Wisława Szymborska Came Down With the ‘Nobel Curse’

Wisława Szymborska lived a simple life.

Her home was a three-bedroom flat in a fifth-floor walk-up not far from the center of Kraków, Poland. There she collected tacky postcards, wore old sweaters, and enjoyed herring and vodka. Szymborska kept to herself, associating with a small group of close friends.

Wisława Szymborska
Wisława Szymborska

Every few years, she released a collection containing a small number of poems. By the mid-1990s, she’d published nine volumes. Her total poetic output was about 400 or so poems spread across books and periodicals.

But everything changed on Oct. 4, 1996. That’s when the Nobel Academy announced that Szymborska had won the Nobel Prize in Literature.

As the news broke, the media scrambled to find information about the little-known Polish poet. 

Wisława Szymborska, the Nobel Prize winner

Meanwhile, Szymborska was in the ski resort town of Zakopane, Poland. She was there on a writing retreat when her winning the Prize came out.

Reporters, friends, and others tried to reach Szymborska by phone. She declined to take many calls, but she did accept one from friend and fellow poet Czesław Miłosz.

Szymborska told Miłosz she was apprehensive about receiving the Nobel Prize.

“I’m a private person,” she said. “The most difficult thing will be to write a speech. I will be writing it for a month. I don’t know what I will be talking about, but I will talk about you.”

Miłosz, though, was excited. He saw Szymborska’s win as helping secure for Polish poetry a place on the world’s bookshelf. 

“I have been saying that Polish poetry is strong and distinguished upon the background of world poetry by certain traits,” Miłosz wrote in The New York Review of Books in Nov. 1996. “Those traits can be found in the poems of a few eminent Polish poets, including Wislawa Szymborska. Her Nobel Prize is her personal triumph but at the same time it confirms the place of the ‘Polish school of poetry.’”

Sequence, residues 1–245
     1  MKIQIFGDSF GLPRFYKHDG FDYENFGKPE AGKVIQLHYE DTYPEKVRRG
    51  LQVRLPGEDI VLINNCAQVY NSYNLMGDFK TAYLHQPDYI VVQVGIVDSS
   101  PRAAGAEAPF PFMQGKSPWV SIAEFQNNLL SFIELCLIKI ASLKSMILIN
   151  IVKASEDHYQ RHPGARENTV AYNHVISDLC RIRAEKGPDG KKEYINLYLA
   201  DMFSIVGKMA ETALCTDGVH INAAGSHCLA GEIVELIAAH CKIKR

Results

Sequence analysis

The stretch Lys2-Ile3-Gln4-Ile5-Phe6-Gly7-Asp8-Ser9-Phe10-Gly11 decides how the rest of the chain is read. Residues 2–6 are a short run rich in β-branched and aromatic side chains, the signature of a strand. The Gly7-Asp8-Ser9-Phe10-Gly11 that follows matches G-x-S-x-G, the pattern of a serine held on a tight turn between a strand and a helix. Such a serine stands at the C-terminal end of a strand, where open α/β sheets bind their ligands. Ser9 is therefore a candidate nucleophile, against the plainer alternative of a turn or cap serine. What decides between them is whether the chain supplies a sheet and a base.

That school of poetry developed in a country racked by war, the Holocaust, and a dictatorial regime. The school’s practitioners, such as Szymborska, Miłosz, and Zbigniew Herbert, put the anguish they felt into their poems. What they and their compatriots, including those who did not survive, endured served as the foundation for their art.

As Szymborska said, “It was not possible to use the same language as before.”

It was not possible to use the same language as before.”

Wisława Szymborska

Ascending from World War II

Szymborska was a child in Kraków when the Nazis invaded. The Germans banned formal Polish education, so she attended a secret school.

After the war, Szymborska studied literature and sociology at Jagiellonian University in Kraków. She was a student when her first published poem, “Szukam słowa” (“I Seek the Word”), appeared in a local newspaper. 

Szymborska released her first two collections in 1952 and 1954. Szymborska was an ardent Communist at the time, which showed in her work. But Szymborska’s views soon started changing. In 1957, she gave up Communism and disavowed her early poems.